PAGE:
Calcium and heart disease are precautions necessary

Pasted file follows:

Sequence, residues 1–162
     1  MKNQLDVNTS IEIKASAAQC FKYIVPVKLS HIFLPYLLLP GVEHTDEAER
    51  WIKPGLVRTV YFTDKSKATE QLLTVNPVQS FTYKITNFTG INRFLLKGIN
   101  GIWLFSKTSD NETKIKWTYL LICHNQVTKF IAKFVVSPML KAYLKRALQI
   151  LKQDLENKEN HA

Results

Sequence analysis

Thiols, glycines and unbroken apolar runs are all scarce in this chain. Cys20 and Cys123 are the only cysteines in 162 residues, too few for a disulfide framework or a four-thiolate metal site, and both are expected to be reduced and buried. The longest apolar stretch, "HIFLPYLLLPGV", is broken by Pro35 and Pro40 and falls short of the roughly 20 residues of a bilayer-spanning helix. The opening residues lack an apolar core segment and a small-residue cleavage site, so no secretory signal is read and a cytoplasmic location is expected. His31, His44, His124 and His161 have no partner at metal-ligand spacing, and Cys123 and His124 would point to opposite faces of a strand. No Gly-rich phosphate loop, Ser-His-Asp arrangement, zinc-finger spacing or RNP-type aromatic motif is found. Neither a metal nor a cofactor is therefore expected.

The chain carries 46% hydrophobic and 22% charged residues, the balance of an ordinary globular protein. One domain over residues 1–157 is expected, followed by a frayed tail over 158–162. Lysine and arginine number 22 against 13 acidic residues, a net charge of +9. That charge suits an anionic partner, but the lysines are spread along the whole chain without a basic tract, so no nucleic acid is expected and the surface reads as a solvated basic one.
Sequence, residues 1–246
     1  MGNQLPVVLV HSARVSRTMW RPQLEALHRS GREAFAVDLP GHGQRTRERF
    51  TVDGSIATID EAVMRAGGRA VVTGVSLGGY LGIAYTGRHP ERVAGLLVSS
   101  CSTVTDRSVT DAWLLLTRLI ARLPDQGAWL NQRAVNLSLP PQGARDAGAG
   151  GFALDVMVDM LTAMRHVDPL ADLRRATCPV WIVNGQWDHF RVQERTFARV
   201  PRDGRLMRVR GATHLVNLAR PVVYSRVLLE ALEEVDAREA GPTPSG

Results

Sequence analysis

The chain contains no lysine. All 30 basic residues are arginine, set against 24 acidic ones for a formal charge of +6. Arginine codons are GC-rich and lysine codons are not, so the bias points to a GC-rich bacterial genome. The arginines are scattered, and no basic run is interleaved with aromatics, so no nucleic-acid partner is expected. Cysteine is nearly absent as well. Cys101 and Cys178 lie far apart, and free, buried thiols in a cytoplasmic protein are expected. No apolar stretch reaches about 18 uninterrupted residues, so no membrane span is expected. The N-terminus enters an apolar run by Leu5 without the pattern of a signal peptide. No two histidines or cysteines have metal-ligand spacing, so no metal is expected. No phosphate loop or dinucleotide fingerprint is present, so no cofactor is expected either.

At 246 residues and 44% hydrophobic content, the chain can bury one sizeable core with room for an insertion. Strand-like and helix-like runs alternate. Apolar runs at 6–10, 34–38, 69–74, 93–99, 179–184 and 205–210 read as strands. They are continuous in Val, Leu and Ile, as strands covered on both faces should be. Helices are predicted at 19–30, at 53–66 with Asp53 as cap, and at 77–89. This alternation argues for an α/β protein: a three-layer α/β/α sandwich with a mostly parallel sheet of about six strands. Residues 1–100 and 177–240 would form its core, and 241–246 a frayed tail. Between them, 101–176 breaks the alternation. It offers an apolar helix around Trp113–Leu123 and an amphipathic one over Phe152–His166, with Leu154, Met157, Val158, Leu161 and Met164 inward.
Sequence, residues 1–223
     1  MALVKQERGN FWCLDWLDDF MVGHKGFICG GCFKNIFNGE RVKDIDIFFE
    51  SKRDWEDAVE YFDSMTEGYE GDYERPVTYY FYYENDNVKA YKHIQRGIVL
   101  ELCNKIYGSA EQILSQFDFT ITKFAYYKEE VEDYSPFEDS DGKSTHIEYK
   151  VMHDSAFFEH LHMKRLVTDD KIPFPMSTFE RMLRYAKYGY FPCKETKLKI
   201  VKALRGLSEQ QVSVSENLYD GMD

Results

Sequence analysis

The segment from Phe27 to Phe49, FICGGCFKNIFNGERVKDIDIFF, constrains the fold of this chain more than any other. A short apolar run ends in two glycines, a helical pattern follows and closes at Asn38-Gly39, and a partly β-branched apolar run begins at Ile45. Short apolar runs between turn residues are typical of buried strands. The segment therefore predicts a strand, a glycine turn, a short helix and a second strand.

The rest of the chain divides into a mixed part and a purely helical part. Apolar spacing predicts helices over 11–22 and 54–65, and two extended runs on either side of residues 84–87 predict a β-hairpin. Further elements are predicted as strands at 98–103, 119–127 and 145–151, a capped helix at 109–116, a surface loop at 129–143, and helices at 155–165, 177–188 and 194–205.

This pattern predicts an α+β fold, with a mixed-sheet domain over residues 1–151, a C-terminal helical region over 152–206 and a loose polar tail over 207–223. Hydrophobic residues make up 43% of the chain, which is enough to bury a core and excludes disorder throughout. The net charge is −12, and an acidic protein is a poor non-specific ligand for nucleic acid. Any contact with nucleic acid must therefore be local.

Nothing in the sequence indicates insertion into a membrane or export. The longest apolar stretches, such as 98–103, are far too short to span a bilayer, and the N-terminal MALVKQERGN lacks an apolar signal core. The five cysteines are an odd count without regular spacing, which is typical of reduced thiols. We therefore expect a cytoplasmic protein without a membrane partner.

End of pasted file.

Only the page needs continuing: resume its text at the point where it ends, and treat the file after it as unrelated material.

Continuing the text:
New research proposing a link between high intakes of calcium in women and cardiovascular mortality does not establish that calcium supplementation as a preventative measure for osteoporosis should be ceased. Published in the February 12 online edition of the BMJ, the Swedish research suggested that women with calcium intakes (corresponding to diet and supplements) greater than 1400 mg per day were more than twice as likely to die compared to women with calcium intakes between 600 mg and 999 mg per day[1]. “As this is not a cause and effect study, it should not be interpreted as one,” noted Blackmores Institute Research Director Chris Oliver.  “It is important data for considering high dose routine calcium supplementation and one that may instigate further research.” While high intakes of calcium were associated with a higher risk of death from all causes but cardiovascular disease in particular, this study was not set up to address the question it answered, according to the Taylor Wallace, senior director, scientific and regulatory affairs at the Council for Responsible Nutrition.

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